Heart disease has in the last years become an equal opportunity killer. It is our nation’s number one killer with one quarter million deaths occurring each year. Years ago it was classically observed that heart disease was a man’s disease just as breast cancer was a women disease. But times and events are shifting. Heart disease kills more women than men. Five hundred thousand people have a heart attack each year. At the moment, heart attack is the leading killer of women. It kills more women than all the cancers combined. In middle aged women, heart attack kills more women than breast cancer. Women who have an acute myocardial infarction (heart attack) are more likely to die from it, less likely to get out of the hospital following a heart attack and more likely to succumb and die within a year than men are.
The symptoms of a heart attack differ between men and women. In men, the classic signs of mid-sternal chest pain after exertion that may radiate to the jaw or left arm or neck are seen. Pain is described as crushing, stabbing in nature. Women sometimes have similar symptoms, but more often they have more subtle and different ones. Many times, no pain occurs at all (in four of ten women). Angina occurs in women following mental stress and not physical exertion. More GI symptoms may be seen with nausea, vomiting, simple GI upset or indigestion as a presenting clue. Fatigue, dizziness or weakness may occur. A cold sweaty or clammy wet feeling is more common in women. A feeling of impending doom or anxious feeling is observed in women. Pain between the shoulders blades, along the bra line is felt, or in the jaw. A fast heart rate or swelling in the ankles can happen.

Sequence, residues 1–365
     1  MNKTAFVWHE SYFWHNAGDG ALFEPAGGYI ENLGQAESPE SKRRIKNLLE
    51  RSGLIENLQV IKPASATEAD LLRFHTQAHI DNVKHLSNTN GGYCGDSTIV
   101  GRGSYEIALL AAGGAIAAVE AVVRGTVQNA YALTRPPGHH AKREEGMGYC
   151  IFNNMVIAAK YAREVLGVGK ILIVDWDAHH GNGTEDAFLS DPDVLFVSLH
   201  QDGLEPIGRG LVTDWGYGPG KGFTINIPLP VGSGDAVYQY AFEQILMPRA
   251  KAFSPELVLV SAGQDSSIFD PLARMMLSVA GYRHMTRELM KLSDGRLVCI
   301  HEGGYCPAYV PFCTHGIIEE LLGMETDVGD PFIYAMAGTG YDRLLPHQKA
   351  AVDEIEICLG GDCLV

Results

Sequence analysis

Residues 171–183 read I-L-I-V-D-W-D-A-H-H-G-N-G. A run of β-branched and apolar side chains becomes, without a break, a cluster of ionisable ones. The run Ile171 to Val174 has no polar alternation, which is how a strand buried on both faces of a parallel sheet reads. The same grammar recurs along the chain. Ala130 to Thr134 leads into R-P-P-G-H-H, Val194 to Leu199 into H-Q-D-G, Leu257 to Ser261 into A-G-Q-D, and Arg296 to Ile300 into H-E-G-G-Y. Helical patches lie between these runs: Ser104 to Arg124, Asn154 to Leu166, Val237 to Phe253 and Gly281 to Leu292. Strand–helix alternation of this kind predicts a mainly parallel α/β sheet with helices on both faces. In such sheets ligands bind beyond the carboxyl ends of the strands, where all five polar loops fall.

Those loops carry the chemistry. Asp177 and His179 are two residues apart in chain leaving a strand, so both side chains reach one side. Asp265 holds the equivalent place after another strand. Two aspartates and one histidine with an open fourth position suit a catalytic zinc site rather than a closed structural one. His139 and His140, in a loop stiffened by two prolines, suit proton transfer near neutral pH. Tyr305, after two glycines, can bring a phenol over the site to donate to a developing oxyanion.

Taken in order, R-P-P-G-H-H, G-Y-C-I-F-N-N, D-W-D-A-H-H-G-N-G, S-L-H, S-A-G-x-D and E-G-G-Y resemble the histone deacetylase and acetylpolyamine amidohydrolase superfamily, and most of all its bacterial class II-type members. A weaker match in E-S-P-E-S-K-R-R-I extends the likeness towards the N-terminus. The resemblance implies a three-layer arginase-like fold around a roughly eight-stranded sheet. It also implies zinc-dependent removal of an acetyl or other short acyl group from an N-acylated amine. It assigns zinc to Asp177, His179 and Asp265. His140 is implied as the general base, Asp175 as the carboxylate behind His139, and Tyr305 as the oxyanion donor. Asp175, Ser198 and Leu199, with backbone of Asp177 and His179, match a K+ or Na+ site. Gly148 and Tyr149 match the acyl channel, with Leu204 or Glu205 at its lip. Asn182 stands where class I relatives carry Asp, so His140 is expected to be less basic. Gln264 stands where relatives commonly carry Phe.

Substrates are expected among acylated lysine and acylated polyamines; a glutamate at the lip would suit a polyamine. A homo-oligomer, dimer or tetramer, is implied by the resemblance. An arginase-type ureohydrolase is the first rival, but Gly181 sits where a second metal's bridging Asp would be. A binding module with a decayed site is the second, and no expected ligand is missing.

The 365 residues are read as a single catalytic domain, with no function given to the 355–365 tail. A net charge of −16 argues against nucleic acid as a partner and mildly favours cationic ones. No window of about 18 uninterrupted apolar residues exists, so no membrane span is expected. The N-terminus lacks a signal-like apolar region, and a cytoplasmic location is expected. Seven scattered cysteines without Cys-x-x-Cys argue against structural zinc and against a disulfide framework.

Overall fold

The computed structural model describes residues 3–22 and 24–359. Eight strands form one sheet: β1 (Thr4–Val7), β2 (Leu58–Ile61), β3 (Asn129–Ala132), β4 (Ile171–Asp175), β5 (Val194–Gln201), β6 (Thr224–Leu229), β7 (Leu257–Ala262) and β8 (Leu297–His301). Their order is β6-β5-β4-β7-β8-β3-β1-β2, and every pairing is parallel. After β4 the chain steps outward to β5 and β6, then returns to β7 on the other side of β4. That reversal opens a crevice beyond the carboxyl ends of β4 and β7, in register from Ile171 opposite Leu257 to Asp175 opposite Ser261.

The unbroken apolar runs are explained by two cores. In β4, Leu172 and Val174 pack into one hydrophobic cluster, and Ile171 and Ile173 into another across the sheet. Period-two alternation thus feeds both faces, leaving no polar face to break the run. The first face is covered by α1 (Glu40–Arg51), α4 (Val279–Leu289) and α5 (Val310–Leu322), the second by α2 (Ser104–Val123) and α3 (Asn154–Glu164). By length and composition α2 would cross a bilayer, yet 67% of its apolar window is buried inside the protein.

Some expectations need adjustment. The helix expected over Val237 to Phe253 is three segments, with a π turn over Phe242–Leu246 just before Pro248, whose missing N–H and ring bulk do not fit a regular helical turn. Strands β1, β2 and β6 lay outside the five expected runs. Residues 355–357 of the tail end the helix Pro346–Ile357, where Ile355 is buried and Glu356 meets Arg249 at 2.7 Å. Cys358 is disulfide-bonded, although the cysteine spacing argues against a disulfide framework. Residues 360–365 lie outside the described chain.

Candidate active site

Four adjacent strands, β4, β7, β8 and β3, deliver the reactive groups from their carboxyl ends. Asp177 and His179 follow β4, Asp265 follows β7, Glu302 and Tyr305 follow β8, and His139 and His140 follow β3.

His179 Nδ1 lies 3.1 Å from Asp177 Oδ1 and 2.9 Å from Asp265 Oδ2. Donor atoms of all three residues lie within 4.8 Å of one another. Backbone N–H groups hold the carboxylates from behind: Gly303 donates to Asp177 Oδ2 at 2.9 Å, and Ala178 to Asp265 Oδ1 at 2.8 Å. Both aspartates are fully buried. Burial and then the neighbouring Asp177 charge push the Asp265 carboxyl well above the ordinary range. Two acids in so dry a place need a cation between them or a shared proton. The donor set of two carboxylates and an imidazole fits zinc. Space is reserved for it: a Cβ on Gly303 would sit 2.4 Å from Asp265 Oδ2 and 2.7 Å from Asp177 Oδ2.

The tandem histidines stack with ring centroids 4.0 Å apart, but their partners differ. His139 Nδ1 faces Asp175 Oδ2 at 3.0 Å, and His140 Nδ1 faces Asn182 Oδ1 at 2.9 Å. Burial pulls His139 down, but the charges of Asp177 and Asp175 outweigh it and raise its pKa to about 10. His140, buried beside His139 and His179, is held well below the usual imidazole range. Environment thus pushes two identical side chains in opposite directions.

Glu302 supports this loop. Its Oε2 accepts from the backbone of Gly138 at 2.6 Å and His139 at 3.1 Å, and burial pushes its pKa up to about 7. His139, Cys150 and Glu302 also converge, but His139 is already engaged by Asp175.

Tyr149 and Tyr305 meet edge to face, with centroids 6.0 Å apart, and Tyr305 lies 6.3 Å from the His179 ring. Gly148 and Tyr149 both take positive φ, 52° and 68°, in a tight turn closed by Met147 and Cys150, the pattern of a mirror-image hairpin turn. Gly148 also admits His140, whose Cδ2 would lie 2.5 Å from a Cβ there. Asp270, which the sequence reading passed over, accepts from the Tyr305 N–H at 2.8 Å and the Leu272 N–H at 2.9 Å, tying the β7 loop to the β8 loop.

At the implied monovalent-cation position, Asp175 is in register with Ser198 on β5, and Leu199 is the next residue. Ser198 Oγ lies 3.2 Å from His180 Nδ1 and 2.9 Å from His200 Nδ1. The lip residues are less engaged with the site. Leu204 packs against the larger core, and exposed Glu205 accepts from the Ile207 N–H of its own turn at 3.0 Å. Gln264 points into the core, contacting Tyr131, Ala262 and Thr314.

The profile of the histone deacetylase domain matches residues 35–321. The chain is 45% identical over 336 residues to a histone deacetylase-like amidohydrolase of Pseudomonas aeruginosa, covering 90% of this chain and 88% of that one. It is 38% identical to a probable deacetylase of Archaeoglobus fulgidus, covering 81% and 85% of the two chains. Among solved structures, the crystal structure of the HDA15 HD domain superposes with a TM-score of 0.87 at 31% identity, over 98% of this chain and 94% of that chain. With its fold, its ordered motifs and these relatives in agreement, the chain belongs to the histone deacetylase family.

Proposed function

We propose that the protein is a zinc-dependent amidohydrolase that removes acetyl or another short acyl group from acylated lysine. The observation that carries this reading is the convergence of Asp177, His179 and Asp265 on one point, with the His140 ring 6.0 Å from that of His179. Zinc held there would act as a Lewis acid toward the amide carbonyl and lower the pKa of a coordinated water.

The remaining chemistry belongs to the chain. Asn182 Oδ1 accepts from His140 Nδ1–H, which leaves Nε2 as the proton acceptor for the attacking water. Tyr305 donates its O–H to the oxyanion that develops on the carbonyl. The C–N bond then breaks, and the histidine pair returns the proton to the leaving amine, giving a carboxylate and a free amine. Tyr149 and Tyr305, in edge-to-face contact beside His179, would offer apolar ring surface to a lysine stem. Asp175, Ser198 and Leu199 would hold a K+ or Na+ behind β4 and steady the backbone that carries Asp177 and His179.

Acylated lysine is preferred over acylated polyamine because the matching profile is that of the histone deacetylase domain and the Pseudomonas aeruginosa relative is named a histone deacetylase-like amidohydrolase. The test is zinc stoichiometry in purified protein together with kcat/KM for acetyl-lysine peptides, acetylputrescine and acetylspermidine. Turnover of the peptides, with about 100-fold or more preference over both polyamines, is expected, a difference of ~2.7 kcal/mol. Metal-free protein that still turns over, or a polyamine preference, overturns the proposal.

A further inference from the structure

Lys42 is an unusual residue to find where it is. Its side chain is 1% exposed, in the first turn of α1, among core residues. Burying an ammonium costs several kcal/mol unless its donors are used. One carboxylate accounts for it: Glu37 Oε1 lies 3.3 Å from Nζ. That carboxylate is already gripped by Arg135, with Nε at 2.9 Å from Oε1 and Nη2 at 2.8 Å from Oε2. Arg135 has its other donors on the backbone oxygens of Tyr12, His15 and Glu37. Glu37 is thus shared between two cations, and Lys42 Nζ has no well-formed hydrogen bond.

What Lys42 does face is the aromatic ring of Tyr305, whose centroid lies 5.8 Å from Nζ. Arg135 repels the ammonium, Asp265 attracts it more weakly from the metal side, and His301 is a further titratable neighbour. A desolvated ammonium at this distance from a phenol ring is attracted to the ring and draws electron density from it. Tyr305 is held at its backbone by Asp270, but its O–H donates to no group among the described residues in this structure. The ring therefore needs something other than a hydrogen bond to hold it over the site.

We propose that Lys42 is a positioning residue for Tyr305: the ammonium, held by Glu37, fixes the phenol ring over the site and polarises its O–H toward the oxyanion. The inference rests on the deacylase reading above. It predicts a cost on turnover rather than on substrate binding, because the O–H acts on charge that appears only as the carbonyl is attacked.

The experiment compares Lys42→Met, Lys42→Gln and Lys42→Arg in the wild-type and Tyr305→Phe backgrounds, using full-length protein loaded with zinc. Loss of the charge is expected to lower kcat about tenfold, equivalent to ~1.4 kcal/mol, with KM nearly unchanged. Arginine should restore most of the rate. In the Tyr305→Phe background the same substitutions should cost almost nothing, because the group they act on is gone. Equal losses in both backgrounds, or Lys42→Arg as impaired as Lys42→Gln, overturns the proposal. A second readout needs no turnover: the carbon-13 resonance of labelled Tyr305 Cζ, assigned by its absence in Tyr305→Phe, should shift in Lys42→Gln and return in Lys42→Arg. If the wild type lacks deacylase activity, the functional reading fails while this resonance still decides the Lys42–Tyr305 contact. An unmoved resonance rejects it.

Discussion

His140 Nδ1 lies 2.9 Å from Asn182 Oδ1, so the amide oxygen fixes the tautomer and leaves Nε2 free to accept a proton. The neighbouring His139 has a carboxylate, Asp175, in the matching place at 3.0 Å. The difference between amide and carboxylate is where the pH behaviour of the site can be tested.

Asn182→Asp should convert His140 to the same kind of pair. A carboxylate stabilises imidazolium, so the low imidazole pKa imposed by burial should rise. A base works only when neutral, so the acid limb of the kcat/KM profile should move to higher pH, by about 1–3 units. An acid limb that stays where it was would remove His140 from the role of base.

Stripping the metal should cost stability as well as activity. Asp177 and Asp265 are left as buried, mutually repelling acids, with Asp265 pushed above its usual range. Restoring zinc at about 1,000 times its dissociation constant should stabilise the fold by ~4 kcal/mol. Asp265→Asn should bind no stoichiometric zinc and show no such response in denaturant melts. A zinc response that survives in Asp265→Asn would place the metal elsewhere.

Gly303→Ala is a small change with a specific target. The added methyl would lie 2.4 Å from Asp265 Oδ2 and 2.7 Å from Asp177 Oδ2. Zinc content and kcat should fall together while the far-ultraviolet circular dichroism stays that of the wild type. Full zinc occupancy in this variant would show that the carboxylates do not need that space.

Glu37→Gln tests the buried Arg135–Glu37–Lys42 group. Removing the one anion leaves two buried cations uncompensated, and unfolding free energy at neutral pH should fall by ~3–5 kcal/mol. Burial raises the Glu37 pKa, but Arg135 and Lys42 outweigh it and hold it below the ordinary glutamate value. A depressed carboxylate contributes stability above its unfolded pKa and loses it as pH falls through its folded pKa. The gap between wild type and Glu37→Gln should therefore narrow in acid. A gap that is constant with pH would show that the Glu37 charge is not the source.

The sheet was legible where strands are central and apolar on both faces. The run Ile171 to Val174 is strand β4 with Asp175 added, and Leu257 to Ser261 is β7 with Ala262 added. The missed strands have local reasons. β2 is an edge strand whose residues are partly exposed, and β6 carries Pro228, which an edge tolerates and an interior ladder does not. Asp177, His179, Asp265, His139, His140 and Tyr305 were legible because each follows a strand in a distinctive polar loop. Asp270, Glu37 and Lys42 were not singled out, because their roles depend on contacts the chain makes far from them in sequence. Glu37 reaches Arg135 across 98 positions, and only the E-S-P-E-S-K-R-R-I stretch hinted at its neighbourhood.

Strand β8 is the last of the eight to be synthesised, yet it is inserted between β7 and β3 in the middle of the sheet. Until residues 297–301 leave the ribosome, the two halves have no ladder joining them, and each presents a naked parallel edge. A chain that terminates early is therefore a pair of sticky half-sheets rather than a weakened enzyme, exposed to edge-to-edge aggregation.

Women may not recognize their symptoms. Indeed, they suffer sleep disorders, shortness of breath and ankle swelling as heart disease symptoms that may occur a month before the heart attack. In addition, the disease is different. Men have larger artery disease that is amenable to surgery and can be seen by radiographic studies. Women have micro-vascular disease. This is not seen on invasive studies and is not surgically correctable. This may account for the poorer outcome. Many are quick to blame physicians for not diagnosing coronary disease in women, but even in men diagnosing a heart attack is sometimes very difficult and requires a high degree of suspicion and experience. Sometimes it is just an educated hunch that something is wrong.
So what should a woman do? Eat a healthy diet, exercise regularly and DO NOT SMOKE, or quit immediately. See your doctor for an exam and blood tests like cholesterol, glucose and thyroid. Check your blood pressure routinely and have it treated it if it is abnormally high. Are you overweight? Should I be on a baby aspirin a day? Do you have a family history of heart disease? Talk to your doctor now about all of the above. Prevention is better than the cure.